By Kirstie Saltsman, Ph.D. | September 15, 2014
test gene image
NLRC4 mutations cause aggregation and continual activation of a cellular sensor (red) that triggers inflammation, causing an autoinflammatory disorder called macrophage activation syndrome.
Credit Kristien Zaal, Ph.D., NIAMS Light Imaging Section.

Inflammation is a function of the immune system that evolved to quickly respond to potentially harmful agents like bacteria or toxins by stimulating the production of potent molecules called cytokines. While inflammation normally helps protect the body, certain genetic mutations in proteins that sense the dangerous substances or generate the inflammatory response cause chronic inflammation that can lead to autoinflammatory disorders.

Now, a team led by Raphaela Goldbach-Mansky, M.D., of the Translational Autoinflammatory Disease Section at the National Institute of Arthritis and Musculoskeletal and Skin Diseases (NIAMS), has uncovered a gene linked to a potentially life-threatening autoinflammatory disorder called macrophage activation syndrome (MAS). The gene mutation was found in a child who presented with symptoms of MAS, but whose lab tests indicated a more unusual underlying cause for the disorder. The new research was published online on September 14, 2014, in Nature Genetics.

The gene, NLRC4, is part of a sensor complex that detects microbes and triggers the production of two cytokines, IL-1β and IL-18. The study revealed that mutations that continually activate the NLRC4 complex lead to a fever syndrome and MAS, which is associated with blood cell count abnormalities and other problems. If left untreated, the syndrome can be fatal.

Preliminary testing suggests that targeting IL-1β and IL-18 could be an effective therapeutic strategy for the disorder. When the child was treated with a drug that blocks IL-1β, her symptoms partially improved, and lab tests showed reduced inflammation. The researchers speculate that targeting IL-18 as well may lead to an even better outcome.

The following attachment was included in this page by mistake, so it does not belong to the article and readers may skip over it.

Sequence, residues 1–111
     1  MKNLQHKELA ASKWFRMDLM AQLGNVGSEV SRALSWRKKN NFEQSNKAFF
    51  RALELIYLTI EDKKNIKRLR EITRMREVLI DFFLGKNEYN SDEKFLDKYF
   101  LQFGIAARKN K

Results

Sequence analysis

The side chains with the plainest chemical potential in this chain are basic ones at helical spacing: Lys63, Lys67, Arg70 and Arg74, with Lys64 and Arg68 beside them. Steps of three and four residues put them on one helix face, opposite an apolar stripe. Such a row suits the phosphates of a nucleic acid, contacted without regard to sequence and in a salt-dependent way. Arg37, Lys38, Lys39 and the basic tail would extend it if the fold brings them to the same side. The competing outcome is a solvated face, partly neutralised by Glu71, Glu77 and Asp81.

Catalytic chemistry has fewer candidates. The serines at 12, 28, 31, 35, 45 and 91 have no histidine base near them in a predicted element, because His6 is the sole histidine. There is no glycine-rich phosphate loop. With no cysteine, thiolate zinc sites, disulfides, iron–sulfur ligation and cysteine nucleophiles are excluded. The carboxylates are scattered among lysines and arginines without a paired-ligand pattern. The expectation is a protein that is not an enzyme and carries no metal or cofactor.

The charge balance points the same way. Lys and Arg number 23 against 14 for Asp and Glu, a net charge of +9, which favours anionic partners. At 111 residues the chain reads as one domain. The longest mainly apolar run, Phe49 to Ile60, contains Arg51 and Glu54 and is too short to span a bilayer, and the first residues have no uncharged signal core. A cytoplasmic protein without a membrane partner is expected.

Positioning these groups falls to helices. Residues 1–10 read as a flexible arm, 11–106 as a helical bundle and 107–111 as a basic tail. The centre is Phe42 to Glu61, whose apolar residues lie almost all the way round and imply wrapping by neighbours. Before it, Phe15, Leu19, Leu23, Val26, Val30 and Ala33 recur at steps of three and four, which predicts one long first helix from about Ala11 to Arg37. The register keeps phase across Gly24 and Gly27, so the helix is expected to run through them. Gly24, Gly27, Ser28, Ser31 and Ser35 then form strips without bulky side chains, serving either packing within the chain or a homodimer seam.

NIAMS researcher Adriana Almeida de Jesus, M.D., Ph.D., describes the autoinflammatory symptoms of the patient, and how the specific genetic mutation responsible for the disorder was identified.
NIAMS researcher Scott Canna, M.D., describes the approach to care for the patient, and discusses the implications of this research for understanding other autoinflammatory diseases.

This work was supported by the NIAMS intramural program under project number 1ZIAAR041138-12. Support was also provided by the Arthritis National Research Foundation.

Canna SW, Almeida de Jesus A, Gouni S, Brooks SR, Marrero B, Liu Y, DiMattia MA, Zaal KJM, Montealegre Sanchez GA, Kim H, Chapelle D, Plass N, Huang Y, Villarino AV, Biancotto A, Fleisher TA, Duncan JA, O’Shea JJ, Benseler S, Grom A, Deng Z, Laxer RM, Goldbach-Mansky R. An activating NLRC4 Inflammasome Mutation Causes Autoinflammation With Recurrent Macrophage Activation Syndrome. Nat Genet. 2014 Sept 14. Doi:10.1038/ng.3089 [epub ahead of print]. PMID: 25217959

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